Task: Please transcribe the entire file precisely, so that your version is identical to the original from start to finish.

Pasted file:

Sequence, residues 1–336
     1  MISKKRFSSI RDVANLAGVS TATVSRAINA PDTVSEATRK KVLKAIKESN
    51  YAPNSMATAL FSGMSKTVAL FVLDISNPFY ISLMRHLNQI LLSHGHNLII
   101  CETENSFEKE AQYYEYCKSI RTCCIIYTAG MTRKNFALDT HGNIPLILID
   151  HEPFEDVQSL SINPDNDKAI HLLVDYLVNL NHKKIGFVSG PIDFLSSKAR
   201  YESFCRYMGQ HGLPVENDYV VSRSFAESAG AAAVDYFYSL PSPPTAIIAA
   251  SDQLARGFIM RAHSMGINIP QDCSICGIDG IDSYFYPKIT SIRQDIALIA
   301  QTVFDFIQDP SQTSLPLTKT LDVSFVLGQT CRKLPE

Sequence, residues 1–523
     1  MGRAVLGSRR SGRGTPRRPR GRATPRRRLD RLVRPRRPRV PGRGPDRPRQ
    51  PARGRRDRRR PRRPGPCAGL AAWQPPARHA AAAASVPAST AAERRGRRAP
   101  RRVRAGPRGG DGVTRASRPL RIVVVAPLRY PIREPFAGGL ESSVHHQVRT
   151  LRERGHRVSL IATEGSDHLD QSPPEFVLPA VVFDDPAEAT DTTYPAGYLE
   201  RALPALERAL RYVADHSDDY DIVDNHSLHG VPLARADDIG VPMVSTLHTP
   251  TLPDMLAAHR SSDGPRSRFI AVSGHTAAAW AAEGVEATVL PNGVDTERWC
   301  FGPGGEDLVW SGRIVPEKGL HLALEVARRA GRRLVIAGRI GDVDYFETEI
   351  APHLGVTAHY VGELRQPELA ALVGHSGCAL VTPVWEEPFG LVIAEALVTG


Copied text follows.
Sequence, residues 1–336
     1  MISKKRFSSI RDVANLAGVS TATVSRAINA PDTVSEATRK KVLKAIKESN
    51  YAPNSMATAL FSGMSKTVAL FVLDISNPFY ISLMRHLNQI LLSHGHNLII
   101  CETENSFEKE AQYYEYCKSI RTCCIIYTAG MTRKNFALDT HGNIPLILID
   151  HEPFEDVQSL SINPDNDKAI HLLVDYLVNL NHKKIGFVSG PIDFLSSKAR
   201  YESFCRYMGQ HGLPVENDYV VSRSFAESAG AAAVDYFYSL PSPPTAIIAA
   251  SDQLARGFIM RAHSMGINIP QDCSICGIDG IDSYFYPKIT SIRQDIALIA
   301  QTVFDFIQDP SQTSLPLTKT LDVSFVLGQT CRKLPE

Sequence, residues 1–523
     1  MGRAVLGSRR SGRGTPRRPR GRATPRRRLD RLVRPRRPRV PGRGPDRPRQ
    51  PARGRRDRRR PRRPGPCAGL AAWQPPARHA AAAASVPAST AAERRGRRAP
   101  RRVRAGPRGG DGVTRASRPL RIVVVAPLRY PIREPFAGGL ESSVHHQVRT
   151  LRERGHRVSL IATEGSDHLD QSPPEFVLPA VVFDDPAEAT DTTYPAGYLE
   201  RALPALERAL RYVADHSDDY DIVDNHSLHG VPLARADDIG VPMVSTLHTP
   251  TLPDMLAAHR SSDGPRSRFI AVSGHTAAAW AAEGVEATVL PNGVDTERWC
   301  FGPGGEDLVW SGRIVPEKGL HLALEVARRA GRRLVIAGRI GDVDYFETEI
   351  APHLGVTAHY VGELRQPELA ALVGHSGCAL VTPVWEEPFG LVIAEALVTG